At risk of alienating myself from patients and care-givers looking to carefully plan post-surgery recuperative care, I must say that the following illustrates how I felt when I got home from the hospital after my bilateral mastectomy with reconstruction for Stage 2 invasive breastcancer in January 2009. I was only 39 and my four children were ages 10, 7, 3 and 2.
Obviously, this is a metaphor since I’ve never had such perfectly coiffed hair or pouty bee-stung lips. I also never gave birth to eight babies. What four I did birth was done in the most inefficient manner: one at a time. However, when I got home from the hospital with four Jackson-Pratt drains hanging off me with four children waiting to hang on me some more, I could certainly empathize with *Octomom* Nadya Suleman in some minute way. Of course, my four drains came out after two weeks leaving me with just four hangers-on and she has to keep her octuplets for eighteen years so I certainly think I came out ahead even if I lost the title and she got an acreage of donated diapers.
Perhaps I am being just a bit overdramatic with this comparison. I have been known to use a little hyperbole and exaggeration to make a point in some of the writing I have done over the years to describe my exploits at parenting four high-spirited children. "Surely, the drains cannot be as bad as all that" you may be thinking. I know that I felt similarly when I was forewarned about hot flashes.
I was in my care-free days as an early thirty-something, when two children seemed like a handful and cancer was not yet in my worst nightmares, my mother-in-law would complain profusely about those damned hot-flashes brought forth by the dreaded menopause. She would then in excruciating detail, define the numerous ways she was counteracting them. I tried to be sympathetic with a nod and exclamation “Oh how terrible” and would then subtly roll my eyes thinking, “Oh right! How bad can they be?” You know what? She’s ABSOLUTELY right! Hot flashes are the devil’s curse from Eve’s wiles for which all women now all pay. I know this to be true because I continue to have them day in and day out as a side effect of my anti-estrogen post-cancer pharmacological therapy and they just plain stink. It just goes to show you to not blow off everything your wise mother-in-law tells you.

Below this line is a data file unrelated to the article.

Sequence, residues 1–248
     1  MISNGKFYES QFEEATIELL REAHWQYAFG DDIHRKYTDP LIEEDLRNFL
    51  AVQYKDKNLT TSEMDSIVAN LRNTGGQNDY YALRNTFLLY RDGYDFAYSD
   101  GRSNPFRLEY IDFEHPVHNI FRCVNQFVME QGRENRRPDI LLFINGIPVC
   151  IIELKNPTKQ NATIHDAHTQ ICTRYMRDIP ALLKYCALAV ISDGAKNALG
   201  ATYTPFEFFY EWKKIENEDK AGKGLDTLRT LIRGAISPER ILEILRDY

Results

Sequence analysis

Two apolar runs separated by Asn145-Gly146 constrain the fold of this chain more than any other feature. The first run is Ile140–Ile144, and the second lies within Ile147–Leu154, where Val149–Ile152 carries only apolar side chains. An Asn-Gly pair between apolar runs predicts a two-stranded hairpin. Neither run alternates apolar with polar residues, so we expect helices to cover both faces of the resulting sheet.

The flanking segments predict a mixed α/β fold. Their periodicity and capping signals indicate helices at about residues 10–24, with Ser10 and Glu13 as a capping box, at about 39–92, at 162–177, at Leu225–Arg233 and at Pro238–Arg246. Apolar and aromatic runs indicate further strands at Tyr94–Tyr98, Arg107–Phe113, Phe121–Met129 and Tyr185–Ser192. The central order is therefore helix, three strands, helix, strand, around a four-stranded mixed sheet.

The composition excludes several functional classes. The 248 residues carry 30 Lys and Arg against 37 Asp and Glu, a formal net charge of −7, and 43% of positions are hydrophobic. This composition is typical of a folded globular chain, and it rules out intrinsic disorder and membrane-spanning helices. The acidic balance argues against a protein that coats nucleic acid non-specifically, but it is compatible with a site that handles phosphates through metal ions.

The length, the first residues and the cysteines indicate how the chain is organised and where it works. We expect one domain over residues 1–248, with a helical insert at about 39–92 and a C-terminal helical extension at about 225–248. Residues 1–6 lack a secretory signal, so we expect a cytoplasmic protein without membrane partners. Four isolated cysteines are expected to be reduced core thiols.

So while my interpretation here about how it feels to have four clunky tubes and drains protruding from under one's armpits may seem a little over the top, it is true. I also know that most patients don’t have a real sense of how uncomfortable and cumbersome to manage the drains can be when they are first warned about the possibility that they will have them after surgery (if they are told at all.) It’s not that plastic and breast surgeons don’t care about patients after they leave the OR, I think that it because very few of them have personally experienced what it is like to have them. That old saying about walking a mile in another’s shoes is an old saying because of the truth it beholds. I know that my doctors, who I considered the best of the best, were focused first on the matter at hand; removing the cancer and rebuilding a new and improved me. They do care about comfort in recovery but until now, the defacto solution to secure the tubing and drains for most has been the ol' safety pin.
As I prepared for my big day under the knife, my plastic surgeon told me about the commercial availability of post-surgery garments. I was handed a brochure for some I might order but I balked; they were expensive and I just couldn’t bring myself to shell out more than $50 for what seemed to be an extravagant, one-time purchase when I was already buying several button-down shirts, post-surgery bras, and pajamas on top of what promised to be crushing medical expenses for some time to come.